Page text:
Tuesday, November 27, 2018

Forty



Hello! Thank you for the get-well and holiday wishes on my last post. We had a nice Thanksgiving, in spite of the fact that the Bear had fallen to the illness by then too. I stayed well through it all, though, and a good thing too, since I had a lot of cooking to do. It was a lot for one person to do all by herself, I will admit, and as usual, the "man" version of the illness seemed ever so much more dire than the child version, but that's neither here nor there; everyone appears to be back to normal, more or less, and the holiday was a good one. Over the weekend, I also celebrated my fortieth birthday, with a dinner out (this wasn't looking like it would happen, but we made it in the end), a lovely cake and presents. Coming at the end of a very hard week, my birthday pictures feature a fairly haggard crone-like figure, so I'll keep them to myself. I assure you, I was very happy on the inside.

My birthday last year was shared with Thanksgiving, as sometimes happens (I was born on the day as well), so I was happy to have the days separate again this year. It's a lot for one day and my naturally guilty conscience won't let me enjoy my birthday fully when I suspect that people are trying too hard to juggle my day and the holiday. They'll never say so (well, some of them will, and have, but I don't invite them to my birthdays anymore), but it's a feeling I have within myself and I don't like it, so it's good to have the holiday and the birthday fall on different days like they did this year.

Last year, we went out for a mediocre Thanksgiving meal in a restaurant; this year, I could cook the big meal and have the birthday dinner out too, which is so much nicer. I also went back to my old tradition of having a store-bought cake (the same one I've had many times, the Berry Chantilly cake from Whole Foods Market), instead of making my own; last year, I made a delicious dulce de leche cheesecake from Pati Jinich's first cookbook, which I enjoyed very much, but I really, really love that berry cake and I liked having it all ready and waiting in the fridge.

I had perfect (for me) birthday weather this year too - sunny and chilly, with crystal-clear blue skies. Last year, my birthday was a weirdly warm and hazy day, sunny and something like 75 degrees. On Thanksgiving! People were outside barbecuing and drinking beer on their front lawns. Sorry, that's just not right for late November. I liked our normal November weather much more, especially our cold, cloudy Thanksgiving Day. I'm complaining, I know, and I don't mean to. It's just funny how differently birthdays can feel from one year to the next.


My gifts were really lovely. This is my favorite gift, a group of three cakes of gradient yarn. I mentioned this yarn before, as well as the project its intended for (the Trio crocheted blanket by Susan Carlson of The Felted Button); I didn't expect to ever have any of this yarn because it's out of my normal crafting budget, but I was asked to provide gift suggestions and because it was a BIG BIRTHDAY, I decided to ask for this yarn for a present. The Bear was only too happy to provide. I was so excited! The yarn, Scheepjes Whirl, is a light cotton/acrylic blend and comes in so many beautiful colors (click the link in the yarn's name to see them). My colors are (clockwise from the top): Black Currant Squeeze Me, Lavenderlicious and Green Tea Tipple. Fun names, right? I love these colorways so much. Honestly, I'm just in love with gradient yarns lately; I really can't get enough.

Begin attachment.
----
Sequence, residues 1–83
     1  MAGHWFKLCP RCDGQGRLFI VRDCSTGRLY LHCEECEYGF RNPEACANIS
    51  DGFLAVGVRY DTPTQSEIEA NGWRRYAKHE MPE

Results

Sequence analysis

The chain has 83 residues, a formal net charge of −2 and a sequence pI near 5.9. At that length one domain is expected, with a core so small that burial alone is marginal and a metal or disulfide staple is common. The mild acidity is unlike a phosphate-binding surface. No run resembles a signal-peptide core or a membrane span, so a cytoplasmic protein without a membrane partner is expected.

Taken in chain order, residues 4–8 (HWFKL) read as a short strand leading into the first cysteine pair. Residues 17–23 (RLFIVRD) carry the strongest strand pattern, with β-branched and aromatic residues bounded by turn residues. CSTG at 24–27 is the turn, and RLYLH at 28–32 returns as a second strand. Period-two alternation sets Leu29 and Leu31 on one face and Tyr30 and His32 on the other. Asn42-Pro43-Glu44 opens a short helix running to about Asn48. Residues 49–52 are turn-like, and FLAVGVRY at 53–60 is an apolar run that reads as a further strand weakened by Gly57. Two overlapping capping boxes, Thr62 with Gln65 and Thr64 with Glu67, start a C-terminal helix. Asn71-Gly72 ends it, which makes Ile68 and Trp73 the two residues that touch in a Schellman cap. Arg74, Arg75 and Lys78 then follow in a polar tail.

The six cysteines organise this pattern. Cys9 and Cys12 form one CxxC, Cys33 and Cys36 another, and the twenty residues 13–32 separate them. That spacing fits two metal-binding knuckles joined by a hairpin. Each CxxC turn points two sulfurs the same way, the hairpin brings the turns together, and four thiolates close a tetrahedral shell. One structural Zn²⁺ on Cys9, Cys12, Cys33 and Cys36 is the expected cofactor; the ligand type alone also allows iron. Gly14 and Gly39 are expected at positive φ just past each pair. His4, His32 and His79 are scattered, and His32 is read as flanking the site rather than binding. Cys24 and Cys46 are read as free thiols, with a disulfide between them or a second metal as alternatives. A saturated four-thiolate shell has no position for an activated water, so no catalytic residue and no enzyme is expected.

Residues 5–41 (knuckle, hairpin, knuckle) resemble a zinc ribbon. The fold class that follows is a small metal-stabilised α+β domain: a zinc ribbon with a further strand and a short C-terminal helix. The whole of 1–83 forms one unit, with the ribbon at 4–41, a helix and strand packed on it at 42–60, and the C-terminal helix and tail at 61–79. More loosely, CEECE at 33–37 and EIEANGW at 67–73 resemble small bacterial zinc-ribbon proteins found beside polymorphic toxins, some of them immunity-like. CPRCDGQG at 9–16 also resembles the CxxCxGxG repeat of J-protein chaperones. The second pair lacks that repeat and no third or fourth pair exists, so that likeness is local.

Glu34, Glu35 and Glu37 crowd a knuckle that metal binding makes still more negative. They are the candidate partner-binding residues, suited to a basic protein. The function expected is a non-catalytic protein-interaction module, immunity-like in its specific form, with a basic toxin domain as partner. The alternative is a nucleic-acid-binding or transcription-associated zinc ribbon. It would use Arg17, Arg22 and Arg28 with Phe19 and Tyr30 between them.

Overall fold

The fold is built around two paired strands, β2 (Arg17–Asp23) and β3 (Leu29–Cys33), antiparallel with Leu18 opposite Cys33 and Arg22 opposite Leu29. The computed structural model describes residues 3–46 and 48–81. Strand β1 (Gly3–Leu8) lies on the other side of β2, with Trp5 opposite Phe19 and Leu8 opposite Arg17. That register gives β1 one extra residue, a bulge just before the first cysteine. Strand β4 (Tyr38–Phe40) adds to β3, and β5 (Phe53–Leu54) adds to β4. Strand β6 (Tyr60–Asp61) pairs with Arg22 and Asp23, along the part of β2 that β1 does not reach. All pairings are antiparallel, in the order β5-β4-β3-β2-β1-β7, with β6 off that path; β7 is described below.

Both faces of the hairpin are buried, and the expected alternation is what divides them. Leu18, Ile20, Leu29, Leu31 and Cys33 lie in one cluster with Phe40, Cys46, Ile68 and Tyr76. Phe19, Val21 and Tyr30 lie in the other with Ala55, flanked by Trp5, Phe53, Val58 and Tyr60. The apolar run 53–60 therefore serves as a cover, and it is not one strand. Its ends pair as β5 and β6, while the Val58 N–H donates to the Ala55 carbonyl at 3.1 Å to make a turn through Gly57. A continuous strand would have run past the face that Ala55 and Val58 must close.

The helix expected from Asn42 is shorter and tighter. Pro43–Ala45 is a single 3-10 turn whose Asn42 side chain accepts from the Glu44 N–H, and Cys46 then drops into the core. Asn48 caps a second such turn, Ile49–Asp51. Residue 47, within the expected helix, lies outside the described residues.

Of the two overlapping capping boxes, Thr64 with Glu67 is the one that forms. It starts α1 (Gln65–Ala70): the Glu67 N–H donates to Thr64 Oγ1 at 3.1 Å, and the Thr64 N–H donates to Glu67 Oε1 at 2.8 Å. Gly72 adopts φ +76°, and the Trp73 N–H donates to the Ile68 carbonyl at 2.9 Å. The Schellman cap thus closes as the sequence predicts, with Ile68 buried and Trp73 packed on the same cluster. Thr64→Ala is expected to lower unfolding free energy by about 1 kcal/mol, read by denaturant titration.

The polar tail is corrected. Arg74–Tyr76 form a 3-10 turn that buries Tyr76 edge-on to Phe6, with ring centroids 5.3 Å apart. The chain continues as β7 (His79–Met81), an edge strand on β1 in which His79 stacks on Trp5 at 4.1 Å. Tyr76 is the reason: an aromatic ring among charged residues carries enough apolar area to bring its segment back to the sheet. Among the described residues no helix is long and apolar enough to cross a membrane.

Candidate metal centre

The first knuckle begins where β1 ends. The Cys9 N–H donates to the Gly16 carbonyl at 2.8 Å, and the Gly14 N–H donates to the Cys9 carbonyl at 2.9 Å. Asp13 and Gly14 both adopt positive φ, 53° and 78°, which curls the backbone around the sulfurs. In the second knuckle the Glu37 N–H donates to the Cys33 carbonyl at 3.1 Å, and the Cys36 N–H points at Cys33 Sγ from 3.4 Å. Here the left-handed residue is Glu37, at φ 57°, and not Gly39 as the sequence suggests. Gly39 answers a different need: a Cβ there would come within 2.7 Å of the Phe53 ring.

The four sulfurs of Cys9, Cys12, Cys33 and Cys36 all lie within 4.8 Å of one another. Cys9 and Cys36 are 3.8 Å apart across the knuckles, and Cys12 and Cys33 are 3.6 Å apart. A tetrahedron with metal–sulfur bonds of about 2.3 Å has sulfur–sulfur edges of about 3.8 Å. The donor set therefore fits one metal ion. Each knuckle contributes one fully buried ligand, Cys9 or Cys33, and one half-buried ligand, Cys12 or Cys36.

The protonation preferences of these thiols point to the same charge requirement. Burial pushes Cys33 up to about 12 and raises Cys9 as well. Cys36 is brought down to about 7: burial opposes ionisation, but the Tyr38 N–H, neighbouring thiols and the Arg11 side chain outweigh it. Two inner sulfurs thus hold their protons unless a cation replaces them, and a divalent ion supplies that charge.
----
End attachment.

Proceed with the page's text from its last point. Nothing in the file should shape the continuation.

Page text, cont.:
As much as I love these colorways, I had a little trouble deciding on them, but then I usually do. I needed three cakes for the project and I loved looking through examples of the blanket made by other people, many of whom are a lot more adventurous with color than I am. In the end, I decided to go with my favorite tones. I guess I played it a little safe. My favorite colors include purples, blue-greens and grays, and I loved all three of these colorways, so I took a chance on them and I think they look fantastic together. The blanket design will have the colors pooling and blending from one end to the other, so I have to decide whether to use these yarns from the inside of the cakes or the outside. I'm not sure yet, it's kind of complicated to think about it, actually! I haven't started working with the yarn yet, since I'm still plugging away with my stash-buster ripple, but I'm looking forward to it. I've decided the Trio blanket will be for me. I've never actually made a blanket just for myself, and I'm not exactly sure how to go about having a blanket be just for me, but it's something I've wanted to do for a long time. I'm sure I'll be willing to share sometimes, but only with nice, careful people.


I also received a wonderful gift that I've wanted for a long time, a new ice cream maker. We have an old one that doesn't work as well as I'd like it to, needs to be used outdoors because it's noisy, and requires copious amounts of ice. It works, but it doesn't, you know? I love to make ice cream, and would really enjoy branching out into sorbets and sherbets, and I'd really appreciate the convenience of a countertop appliance, so this is something I've had on my wishlist for a couple of years. I'm really glad to have it. Sorry for the box photo, as if this is a low-quality catalog; I just haven't unboxed it yet but it's coming soon.


Miss GB made me a very pretty bracelet. The beads sort of click together to open and close, which is nice for putting it on myself. The colored parts are plastic, but they look like sea glass. She has a bag of them that came with a DIY jewelry craft kit and she kind of hoards them, so I feel very lucky to receive something like this from her. I also received Ghirardelli chocolates and a small baking dish, as well as lovely cards and a DVD of one of my favorite movies, Peggy Sue Got Married. We had dinner in an Italian restaurant and came home for delicious cake. It was a really lovely day.